Wave of e-mail viruses infect campus



Andrea Wilson

The typical commotion of the University’s first week of classes was compounded by a swarm of e-mail viruses which attacked the inboxes of thousands of frustrated users.

Stephen Fugale, executive director for University Information Technologies, said the Klez virus is the most consistent offender. UNIT estimated that over a 24-hour period from Sunday to Monday, the Webmail system was flooded with a total of about 43,000 messages with Klez attached.

McAfee Security, an anti-virus software company, lists Klez as a low to medium threat in its online Virus Information Library. The website classifies the virus as part of a worm family that has the ability to spoof an e-mail address. Recipients, therefore, may be familiar with the name of the supposed sender.

UNIT Network Security Specialist Adam Goldstein explained that the virus accomplishes such spoofing by scanning an infected computer to harvest e-mail addresses from all of its files, including address books and documents.

UNIT is also battling a few other viruses, which are known as So Big, Nimda, Code Red and Bugbear.

Goldstein explained that the viruses proliferated over break for a number of reasons. Since the campus network automatically filters e-mail, outbreaks are less frequent while classes are in session. Many students may have accessed their e-mail from off-campus during the break, where their inboxes are not shielded from infected messages. Also, students may have increased off-campus correspondence, adding to the threat.

The number of infected e-mails has been significantly reduced over the past few days by UNIT’s filtering strategy, and they hope the number will continue to diminish as new tactics are implemented. Among these new defenses may be a more comprehensive filtering approach.

“We currently filter mail coming in from outside the University, and right now we are looking at a series of ways to filter mail within the University,” said Fugale.

Goldstein listed some recommendations to help students protect their computers from infection, including updating anti-virus software constantly.

Most types of software are designed to automatically update themselves, but students should verify this feature is enabled on their computers.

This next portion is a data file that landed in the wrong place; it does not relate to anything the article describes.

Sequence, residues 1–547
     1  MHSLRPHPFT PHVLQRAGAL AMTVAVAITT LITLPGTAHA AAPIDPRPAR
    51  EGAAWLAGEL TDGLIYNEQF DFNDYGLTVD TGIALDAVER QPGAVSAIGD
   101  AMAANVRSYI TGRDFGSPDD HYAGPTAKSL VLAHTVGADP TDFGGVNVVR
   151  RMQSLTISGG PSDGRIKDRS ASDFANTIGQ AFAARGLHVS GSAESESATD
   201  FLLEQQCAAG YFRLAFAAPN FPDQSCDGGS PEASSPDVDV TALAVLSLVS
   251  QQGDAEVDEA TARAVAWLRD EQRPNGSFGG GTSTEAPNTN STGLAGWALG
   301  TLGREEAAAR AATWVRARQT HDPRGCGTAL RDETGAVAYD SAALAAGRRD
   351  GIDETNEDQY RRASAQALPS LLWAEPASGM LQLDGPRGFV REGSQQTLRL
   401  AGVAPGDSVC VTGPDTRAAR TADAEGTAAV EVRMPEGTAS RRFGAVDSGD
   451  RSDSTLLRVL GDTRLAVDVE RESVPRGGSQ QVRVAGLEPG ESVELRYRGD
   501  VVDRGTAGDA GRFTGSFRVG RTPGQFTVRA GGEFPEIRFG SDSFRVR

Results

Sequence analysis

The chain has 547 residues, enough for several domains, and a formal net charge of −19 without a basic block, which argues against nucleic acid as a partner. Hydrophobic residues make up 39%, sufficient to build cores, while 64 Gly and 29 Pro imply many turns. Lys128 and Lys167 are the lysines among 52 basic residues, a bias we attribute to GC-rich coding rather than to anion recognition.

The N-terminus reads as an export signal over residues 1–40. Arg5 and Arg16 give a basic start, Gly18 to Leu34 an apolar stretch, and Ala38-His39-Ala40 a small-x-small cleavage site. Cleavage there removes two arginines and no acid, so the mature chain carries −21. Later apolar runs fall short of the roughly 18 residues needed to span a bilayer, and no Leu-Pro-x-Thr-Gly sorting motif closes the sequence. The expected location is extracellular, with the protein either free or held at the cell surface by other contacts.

Students should also look carefully at the sender and subject line of their messages before opening them, and they should be especially cautious with unexpected attachments.

“Be overly suspicious,” advised Goldstein, who explained that viruses often have subjects with unusual language and sometimes hide themselves by using file extensions such as .exe, .fcr, and .bat.

Also, applications that open messages automatically can increase a computer’s vulnerability. Goldstein said students who use older versions of Microsoft Outlook should check the Microsoft website for a downloadable patch to correct this problem.

Sophomore Annalise Regan’s computer was infected with a virus as a result of Outlook opening her e-mail. As a result, she had to reformat her computer and lost all of her documents.

On Wednesday, UNIT sent a virus alert to the entire University and provided a downloadable tool to scan and clean computers.

Students reported numerous mysterious messages that may have contained viruses, including those with subjects MommaCawn, Love.n, abuse, goldfish, 50 THINGS SHE WISHES and several others.

“I have been receiving a few of these messages a day, and every time I open my e-mail I worry that I’m going to get a virus,” said sophomore Christine Wisniewski.

The messages were an annoyance to most students, but some were not affected.

“I heard people talking about the viruses, but I didn’t receive any,” said sophomore Lisa Maiale.

Fugale said University website problems experienced over the past week were not related to viruses, but rather were a result of increased volume, which often occurs at the start of a semester.